La Albiceleste Defend
Getting into the National Stadium at Brasilia feels like getting into a college game. Argentine fans are a vocal and visible minority, and are being tolerated well. Streaming in through the barricades, they chant
Olé, olé olé olé, Die-go, Die-go! (i.e. Maradona, their patron saint.)
to which the Brazilians (supporting Belgium today) roar
Bel. Zi. Ca. Bel. Zi. Ca.
We seat ourselves, here to watch two teams trying not to lose.
Since the injury to Angel di María earlier in the World Cup (he is playing today, but barely), coach Sabella moved Argentina to 4-4-1-1, with Lionel Messi behind striker Gonzalo Higuaín. Ezequiel Lavezzi plays a supporting role from one wing, everyone else defends. Argentina’s fullbacks and midfielders stay back more than almost anyone else’s in the tournament. This is not beautiful, but effective. To beat a deep-seated defense the rival coach will add to the attackers, but that is precisely the trap Sabella wishes to set. Draw the enemy out, and suddenly Messi might be counterattacking in a sprint across an open midfield, or feeding the ball up to di María or Higuaín.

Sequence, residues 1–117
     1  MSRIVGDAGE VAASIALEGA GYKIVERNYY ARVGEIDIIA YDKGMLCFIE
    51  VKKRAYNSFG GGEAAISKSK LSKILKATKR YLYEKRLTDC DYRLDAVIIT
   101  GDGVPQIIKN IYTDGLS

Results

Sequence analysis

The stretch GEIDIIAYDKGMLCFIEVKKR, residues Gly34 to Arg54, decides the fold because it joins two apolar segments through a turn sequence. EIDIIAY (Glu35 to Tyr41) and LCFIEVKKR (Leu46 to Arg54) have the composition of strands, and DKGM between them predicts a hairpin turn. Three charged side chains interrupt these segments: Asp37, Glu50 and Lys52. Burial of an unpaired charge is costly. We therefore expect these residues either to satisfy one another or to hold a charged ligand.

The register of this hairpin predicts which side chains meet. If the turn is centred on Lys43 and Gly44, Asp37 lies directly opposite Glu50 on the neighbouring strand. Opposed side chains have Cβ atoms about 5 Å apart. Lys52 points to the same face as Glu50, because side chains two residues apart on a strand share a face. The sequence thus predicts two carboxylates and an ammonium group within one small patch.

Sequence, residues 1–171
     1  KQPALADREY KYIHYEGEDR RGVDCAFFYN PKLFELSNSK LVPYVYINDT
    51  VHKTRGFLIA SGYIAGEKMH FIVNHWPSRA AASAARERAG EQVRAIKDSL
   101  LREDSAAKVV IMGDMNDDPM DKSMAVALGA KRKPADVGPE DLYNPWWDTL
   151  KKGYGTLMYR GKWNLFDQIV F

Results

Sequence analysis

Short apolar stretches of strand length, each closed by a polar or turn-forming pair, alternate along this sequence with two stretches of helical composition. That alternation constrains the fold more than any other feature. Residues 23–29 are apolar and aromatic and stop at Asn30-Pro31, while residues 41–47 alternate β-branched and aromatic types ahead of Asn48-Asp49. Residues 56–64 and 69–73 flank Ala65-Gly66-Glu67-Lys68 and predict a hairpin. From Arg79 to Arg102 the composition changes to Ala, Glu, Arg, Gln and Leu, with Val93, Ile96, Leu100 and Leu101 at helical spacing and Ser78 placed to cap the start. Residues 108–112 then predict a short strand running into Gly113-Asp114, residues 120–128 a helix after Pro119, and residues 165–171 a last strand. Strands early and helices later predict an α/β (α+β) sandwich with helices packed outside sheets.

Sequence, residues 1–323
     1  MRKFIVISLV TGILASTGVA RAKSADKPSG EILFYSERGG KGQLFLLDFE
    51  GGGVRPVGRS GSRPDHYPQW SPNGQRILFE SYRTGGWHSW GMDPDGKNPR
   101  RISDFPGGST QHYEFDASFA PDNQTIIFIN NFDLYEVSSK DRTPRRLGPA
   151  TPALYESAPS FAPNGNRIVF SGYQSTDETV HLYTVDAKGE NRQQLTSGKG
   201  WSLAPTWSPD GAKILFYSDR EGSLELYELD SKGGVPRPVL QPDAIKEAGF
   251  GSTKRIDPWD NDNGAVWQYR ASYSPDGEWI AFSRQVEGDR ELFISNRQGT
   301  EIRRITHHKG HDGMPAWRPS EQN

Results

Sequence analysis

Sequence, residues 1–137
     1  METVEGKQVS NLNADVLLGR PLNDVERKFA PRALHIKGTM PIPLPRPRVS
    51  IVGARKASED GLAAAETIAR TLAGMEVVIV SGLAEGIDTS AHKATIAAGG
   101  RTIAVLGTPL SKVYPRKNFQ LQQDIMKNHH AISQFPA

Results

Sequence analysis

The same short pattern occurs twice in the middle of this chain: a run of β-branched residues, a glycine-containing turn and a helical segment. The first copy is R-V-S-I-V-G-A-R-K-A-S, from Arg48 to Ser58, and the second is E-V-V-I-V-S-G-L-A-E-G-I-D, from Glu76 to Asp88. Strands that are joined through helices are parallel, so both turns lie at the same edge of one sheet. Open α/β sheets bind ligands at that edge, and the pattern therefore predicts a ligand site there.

Vincent Kompany loses the ball to Mascherano; who passes on to Messi. No. 10 dribbles past de Bruyne and Fellaini before finding di María, whose pass into the area is deflected off Vertonghen. That flick bass-ackwards Belgium’s defense who were zagging as the ball zigs, and Higuaín’s sweeping shot rockets from the edge of the area across Courtois and into the corner; after the match he dedicates the winner to Alfredo di Stéfano, critical in Madrid after a heart attack.
Note for future world cup matches: you will definitely be able to get scalped tickets if the home team is not playing. Just wait till the starting whistle, prices will collapse to 25% of face value within 5 minutes of kickoff.
The word olé itself, as a Spanish exclamation, is thought to be derived from the Arabic invocation of Allah, the oath والله (w-állah, “by Allah!”), from Andalusian times.
Olé, olé olé olé, Die-go, Die-go!